Cowan: How will his broken toe effect his playing?
Franco: Not very much because he doesn’t play with his feet [laughs]. He’s not going to be jumping around as much, I’m sure. He was standing outside, unloading his amp. He dropped it, CRACK, and he knew something was broken the rest of the night. He was in excruciating pain. This was last Monday before the show, so he had to sit around the bar with a broken toe for about four hours before we started playing. He broke his left foot, so he should be able to drive the van, but mostly me, Corey [Boyd], and sometimes Tyler [Loney] do all the driving. Thomas [Adams] and Chad, our singer and drummer, don’t do much of the driving.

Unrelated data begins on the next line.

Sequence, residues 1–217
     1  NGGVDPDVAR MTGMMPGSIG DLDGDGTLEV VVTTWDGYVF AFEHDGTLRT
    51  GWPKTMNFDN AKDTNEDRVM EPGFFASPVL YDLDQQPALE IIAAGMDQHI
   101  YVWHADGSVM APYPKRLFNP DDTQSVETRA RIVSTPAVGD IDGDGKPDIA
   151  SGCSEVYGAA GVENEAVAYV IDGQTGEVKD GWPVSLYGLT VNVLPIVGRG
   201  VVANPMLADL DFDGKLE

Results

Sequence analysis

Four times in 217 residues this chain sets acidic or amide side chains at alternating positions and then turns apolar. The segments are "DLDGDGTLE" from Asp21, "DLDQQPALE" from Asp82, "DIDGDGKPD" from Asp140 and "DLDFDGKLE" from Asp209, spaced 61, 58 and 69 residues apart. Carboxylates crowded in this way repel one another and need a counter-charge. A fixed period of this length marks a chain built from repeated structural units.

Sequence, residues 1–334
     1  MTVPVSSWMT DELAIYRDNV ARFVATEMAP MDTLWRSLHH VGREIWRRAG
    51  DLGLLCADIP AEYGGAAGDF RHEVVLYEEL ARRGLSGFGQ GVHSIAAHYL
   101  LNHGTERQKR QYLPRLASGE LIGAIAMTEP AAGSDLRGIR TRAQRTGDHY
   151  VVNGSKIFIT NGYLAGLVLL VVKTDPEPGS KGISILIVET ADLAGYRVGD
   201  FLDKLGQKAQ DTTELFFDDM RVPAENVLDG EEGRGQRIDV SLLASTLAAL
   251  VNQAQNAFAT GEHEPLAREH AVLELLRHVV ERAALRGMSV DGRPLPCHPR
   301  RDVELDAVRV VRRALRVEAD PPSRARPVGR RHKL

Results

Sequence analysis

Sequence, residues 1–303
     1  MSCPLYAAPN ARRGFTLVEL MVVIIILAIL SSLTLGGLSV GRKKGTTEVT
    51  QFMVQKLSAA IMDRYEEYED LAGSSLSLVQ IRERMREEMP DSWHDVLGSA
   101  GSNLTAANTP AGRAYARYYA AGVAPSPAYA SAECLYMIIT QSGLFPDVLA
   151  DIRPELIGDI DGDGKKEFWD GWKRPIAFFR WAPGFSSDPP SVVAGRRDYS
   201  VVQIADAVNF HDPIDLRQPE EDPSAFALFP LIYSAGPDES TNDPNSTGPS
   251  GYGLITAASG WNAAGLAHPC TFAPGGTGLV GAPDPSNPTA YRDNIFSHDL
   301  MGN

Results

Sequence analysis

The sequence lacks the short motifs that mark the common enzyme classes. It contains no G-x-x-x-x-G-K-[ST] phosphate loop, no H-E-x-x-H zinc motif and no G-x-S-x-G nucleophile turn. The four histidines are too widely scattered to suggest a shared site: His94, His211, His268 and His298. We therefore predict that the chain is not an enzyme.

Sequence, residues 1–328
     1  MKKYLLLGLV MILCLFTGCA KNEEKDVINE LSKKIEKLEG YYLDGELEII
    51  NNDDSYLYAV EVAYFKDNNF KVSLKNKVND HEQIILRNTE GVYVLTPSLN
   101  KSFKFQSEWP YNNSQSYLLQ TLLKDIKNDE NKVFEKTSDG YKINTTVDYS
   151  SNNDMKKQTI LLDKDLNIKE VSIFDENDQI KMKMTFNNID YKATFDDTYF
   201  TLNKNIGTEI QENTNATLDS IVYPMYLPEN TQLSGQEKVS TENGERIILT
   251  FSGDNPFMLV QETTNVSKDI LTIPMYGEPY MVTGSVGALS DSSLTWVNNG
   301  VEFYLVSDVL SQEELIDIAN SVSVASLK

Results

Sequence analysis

Cowan: On Friday the 16th, you play the Metal Underground-sponsored Motorbreath Showcase at SXSW. Is this your first appearance at SXSW?
Franco: Yes, this is our first one. Tristan [Spears] from Motorbreath Entertainment emailed us back in December when we got back from our last tour, and then all the shows just started falling into place. It’s looking like a good one. We have brand-new t-shirts made. There are only eighty of them, but they are nice, double-sided t-shirts with seven colors. They are definitely the most professional-looking shirts we’ve made so far, so we are pretty stoked about that.
Cowan: How do you feel about the lineup at that show?